research at Microsoft, formerly a professor of computer science at the Carnegie Mellon University
(CMU). Rashid viewed the Microsoft Research labs as “equivalent to any top university computer
science department” and held that the publication quality of MSRA researchers was comparable to
that of the MIT, CMU, and Stanford computer science departments. Another distinguishing feature of
Microsoft Research labs was that technologies were generally commercialized in-house, and there
were very few spin-offs. Traveling back to the airport at the end of one of his visits to China in 1999,
Mundie commented to Zhang, “At this stage, MSRA and R&D was one of the few things going right
for Microsoft in China.”
In comparison to the R&D initiatives, sales in China for Microsoft were still very modest, and
Mundie realized that, over the long term, Microsoft would need to become an active player in
creating the IT ecosystem in China. “We had to impress upon the Chinese leaders that Microsoft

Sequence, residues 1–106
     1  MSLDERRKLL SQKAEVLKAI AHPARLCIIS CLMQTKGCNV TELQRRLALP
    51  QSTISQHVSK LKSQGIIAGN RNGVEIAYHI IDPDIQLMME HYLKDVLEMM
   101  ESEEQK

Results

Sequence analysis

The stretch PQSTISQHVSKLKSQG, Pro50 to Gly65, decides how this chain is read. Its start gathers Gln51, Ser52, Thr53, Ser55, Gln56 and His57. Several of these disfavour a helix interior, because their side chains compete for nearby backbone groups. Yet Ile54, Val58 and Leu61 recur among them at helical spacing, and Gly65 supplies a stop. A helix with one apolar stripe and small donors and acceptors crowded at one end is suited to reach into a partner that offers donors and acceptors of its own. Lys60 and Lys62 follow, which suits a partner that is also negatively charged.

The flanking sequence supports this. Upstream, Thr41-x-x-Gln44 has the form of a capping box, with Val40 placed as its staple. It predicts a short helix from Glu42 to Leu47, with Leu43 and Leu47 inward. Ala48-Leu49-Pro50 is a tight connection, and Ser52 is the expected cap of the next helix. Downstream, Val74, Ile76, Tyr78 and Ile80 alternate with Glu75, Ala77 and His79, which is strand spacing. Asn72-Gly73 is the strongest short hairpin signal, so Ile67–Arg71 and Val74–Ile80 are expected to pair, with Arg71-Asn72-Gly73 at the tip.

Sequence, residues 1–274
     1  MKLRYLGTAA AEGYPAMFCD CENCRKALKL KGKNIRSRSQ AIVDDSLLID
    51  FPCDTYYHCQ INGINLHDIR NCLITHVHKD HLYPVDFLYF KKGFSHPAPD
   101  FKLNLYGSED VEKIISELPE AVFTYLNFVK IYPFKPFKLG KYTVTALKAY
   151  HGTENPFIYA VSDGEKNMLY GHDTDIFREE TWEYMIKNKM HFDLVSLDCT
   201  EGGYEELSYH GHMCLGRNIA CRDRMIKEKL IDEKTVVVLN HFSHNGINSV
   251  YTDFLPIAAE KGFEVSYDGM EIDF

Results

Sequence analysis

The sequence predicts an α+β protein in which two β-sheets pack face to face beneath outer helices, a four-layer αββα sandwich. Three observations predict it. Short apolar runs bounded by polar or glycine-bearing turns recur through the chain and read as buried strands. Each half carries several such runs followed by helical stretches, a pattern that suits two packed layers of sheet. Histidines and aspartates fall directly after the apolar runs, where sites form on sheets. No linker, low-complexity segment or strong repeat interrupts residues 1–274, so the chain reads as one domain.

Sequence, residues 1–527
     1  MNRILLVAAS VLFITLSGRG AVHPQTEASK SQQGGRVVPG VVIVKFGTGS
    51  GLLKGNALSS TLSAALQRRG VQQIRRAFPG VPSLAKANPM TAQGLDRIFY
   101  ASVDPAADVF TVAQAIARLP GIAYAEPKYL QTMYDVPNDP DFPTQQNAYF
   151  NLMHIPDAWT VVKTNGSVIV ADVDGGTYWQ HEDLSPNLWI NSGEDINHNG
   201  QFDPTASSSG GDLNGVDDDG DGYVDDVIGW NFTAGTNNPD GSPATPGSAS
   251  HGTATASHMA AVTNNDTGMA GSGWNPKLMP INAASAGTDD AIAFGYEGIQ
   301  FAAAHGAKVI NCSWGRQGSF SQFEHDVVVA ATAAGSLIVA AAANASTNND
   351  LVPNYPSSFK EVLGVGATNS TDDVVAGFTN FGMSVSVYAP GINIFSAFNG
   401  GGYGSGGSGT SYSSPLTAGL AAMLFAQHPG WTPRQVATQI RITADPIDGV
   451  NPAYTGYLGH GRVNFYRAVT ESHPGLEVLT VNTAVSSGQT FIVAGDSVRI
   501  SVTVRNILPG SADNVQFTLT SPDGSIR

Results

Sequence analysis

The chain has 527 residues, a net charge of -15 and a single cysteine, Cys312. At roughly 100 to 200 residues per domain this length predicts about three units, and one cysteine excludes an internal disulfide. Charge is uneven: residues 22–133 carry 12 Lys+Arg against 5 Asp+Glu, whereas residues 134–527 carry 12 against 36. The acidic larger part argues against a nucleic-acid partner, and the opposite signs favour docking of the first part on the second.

could help China’s transition from a manufacturing economy to a knowledge economy,” he would
later say. The company signed a $750 million MOU with the National Development Reform
Commission in June 2002. Also in June 2002, Microsoft signed the “Great Wall Plan,” an MOU meant
to foster its cooperation with Chinese universities. With the Chinese government strongly favoring

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in research in India.” As a result of this visit, new sales offices were opened, but not much happened
on the R&D front until much later. In a lighter vein, Venkatesan would later say, “Microsoft India in
those early years continued to languish at the Hindu rate of growth,” an expression commonly used to
refer to the stagnation of the Indian economy in its socialist years of 1950 to 1980, when the annual
growth rate was a low 3.5%.

Microsoft in China and India, 1993–2007


joint ventures for multinational companies, Microsoft also made plans to invest over $62 million in
local Chinese companies.

Around 2002, Mundie began to focus on India, an economy that was growing very rapidly. On the